The Sad Story of Typhoid Mary and Her Refusal to Social Distance
Showing no signs of the disease, Mary Mallon spread it wherever she went
I have been in a state-enacted shelter-in-place order since March 21st. I am fortunate enough to live in a neighborhood with plenty of sidewalks and space to spend time outside safely. On daily walks with my family, where we avoid getting too close to others, we are still seeing groups of people everywhere. Groups of teenagers playing basketball at the park, groups of kids playing together in front yards, groups of adults walking together (and not 6 feet apart).
And it gets worse than that. I’m not referring to people that are required to leave their homes for work. I’m talking about the ones that are still attending social events such as church services, house parties, and weddings.
Social distancing to avoid the spread of a disease is nothing new to history, although it’s new to those of us living now. And sadly, ignoring social distancing measures, that’s nothing new either.
Typhoid Mary: The original noncomplier and super disease spreader
Typhoid is a bacterial disease easily cured with antibiotics. But when Mary Mallon, born in Ireland and emigrated to the U.S., first began spreading the disease in 1907, antibiotics were not an option. At that time, typhoid had a 25% mortality rate.
Mallon was a cook for wealthy families and every family she cooked for fell to the illness. A medical researcher, George Soper, traced the disease to Mallon when he found that seven families she had worked for had suffered from typhoid fever.
It was innovative for Soper to consider Mallon as a carrier. It was not understood until this case that someone might harbor the bacteria, spreading it, all the while looking the very picture of health.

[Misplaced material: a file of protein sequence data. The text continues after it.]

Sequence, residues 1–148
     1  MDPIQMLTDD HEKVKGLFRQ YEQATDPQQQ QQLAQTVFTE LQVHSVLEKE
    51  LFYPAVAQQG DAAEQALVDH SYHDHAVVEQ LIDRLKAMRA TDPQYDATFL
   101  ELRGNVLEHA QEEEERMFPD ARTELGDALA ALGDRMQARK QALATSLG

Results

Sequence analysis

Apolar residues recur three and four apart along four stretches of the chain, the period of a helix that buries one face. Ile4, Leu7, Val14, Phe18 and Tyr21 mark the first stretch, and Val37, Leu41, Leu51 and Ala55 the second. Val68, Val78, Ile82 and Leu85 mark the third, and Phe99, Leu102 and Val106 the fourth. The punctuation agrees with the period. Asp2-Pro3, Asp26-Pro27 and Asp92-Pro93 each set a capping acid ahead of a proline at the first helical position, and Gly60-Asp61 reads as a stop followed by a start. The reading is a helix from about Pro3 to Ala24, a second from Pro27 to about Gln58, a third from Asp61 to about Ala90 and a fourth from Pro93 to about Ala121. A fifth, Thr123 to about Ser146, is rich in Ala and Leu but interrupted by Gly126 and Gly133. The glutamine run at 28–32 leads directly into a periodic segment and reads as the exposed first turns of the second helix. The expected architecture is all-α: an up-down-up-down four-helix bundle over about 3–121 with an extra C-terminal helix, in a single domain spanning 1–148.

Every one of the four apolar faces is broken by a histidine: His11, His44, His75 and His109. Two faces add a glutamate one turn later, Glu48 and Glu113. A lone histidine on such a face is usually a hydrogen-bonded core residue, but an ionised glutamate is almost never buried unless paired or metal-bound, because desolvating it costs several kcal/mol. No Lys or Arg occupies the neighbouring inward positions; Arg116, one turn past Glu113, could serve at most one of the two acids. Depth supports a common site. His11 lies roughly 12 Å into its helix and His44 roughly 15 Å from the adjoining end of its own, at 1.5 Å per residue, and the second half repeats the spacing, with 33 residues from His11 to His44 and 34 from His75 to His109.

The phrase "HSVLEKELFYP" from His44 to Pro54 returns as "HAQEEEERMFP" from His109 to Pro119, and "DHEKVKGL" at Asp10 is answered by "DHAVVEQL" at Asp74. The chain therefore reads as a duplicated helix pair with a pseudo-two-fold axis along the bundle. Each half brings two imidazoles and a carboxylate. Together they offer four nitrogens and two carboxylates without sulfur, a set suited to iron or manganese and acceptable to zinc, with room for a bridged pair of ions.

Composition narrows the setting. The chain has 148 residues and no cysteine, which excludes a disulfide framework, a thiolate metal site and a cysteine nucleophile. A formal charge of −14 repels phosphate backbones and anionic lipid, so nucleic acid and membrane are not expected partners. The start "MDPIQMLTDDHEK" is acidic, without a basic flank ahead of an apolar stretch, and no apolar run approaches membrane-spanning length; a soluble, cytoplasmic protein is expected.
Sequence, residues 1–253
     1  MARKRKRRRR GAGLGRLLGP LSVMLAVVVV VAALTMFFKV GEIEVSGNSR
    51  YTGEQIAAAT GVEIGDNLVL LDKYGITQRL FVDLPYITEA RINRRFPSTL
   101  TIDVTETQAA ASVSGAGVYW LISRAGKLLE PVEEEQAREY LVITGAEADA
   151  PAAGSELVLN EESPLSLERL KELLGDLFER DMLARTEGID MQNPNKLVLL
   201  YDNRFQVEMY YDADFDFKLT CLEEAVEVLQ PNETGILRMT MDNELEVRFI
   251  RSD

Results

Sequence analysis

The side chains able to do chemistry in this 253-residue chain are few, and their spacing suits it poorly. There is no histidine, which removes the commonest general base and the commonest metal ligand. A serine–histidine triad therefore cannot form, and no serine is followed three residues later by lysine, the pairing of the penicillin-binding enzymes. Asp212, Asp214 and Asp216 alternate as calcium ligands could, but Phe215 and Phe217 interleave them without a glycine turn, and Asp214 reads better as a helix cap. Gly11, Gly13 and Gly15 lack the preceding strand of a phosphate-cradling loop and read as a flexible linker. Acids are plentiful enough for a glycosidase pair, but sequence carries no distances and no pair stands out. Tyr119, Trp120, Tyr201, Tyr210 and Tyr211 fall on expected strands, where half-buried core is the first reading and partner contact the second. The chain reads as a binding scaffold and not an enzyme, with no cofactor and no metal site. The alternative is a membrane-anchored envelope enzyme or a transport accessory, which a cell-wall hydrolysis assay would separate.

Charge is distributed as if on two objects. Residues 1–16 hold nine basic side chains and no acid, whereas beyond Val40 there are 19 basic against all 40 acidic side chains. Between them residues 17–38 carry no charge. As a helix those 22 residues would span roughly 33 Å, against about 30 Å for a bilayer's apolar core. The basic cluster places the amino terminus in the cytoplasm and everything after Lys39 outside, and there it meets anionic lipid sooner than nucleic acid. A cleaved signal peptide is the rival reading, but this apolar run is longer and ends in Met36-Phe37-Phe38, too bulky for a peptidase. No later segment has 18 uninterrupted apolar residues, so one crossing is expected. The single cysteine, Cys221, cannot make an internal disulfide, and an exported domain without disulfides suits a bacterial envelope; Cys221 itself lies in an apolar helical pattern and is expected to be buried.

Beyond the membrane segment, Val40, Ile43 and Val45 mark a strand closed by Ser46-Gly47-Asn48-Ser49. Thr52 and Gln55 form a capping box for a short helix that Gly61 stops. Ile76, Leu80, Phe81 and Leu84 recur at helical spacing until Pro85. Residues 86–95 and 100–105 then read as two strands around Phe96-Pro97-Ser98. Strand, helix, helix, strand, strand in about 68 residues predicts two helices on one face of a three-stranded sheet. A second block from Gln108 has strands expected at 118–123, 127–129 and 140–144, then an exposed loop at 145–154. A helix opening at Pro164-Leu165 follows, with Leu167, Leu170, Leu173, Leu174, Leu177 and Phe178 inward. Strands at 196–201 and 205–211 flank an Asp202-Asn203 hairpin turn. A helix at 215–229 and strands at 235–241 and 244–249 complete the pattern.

Soper arrived at the house one day where Mallon was employed as a cook, asking to test her for the disease. But Mallon didn’t want to be tested for typhoid. As Soper recounted, “She seized a carving fork and advanced in my direction.” He returned later with the authorities, causing Mallon to go on the run. She was eventually caught and tested positive. Then forced to move to a quarantine facility at North Brother Island for five years.
Peach ice cream served with a side of germs
Typhoid is passed on from poor handwashing habits. Cooking kills the bacteria, but Mallon’s clients loved her peach ice cream in which she cut up raw peaches and froze them in the ice cream. Soper believed she didn’t practice good handwashing (everyone on this planet now knows you need to wash for 20 seconds at a time) and this was how she so easily spread the disease.
She couldn’t stay away from kitchens
Released in 1910, Mallon promised the authorities she would never work as a cook again. She may have tried to keep that promise. She was employed as a laundress after leaving her forced quarantine. But the pay was so much less than she had made previously as a cook. So she changed her name to Mary Brown and began working in the kitchens again.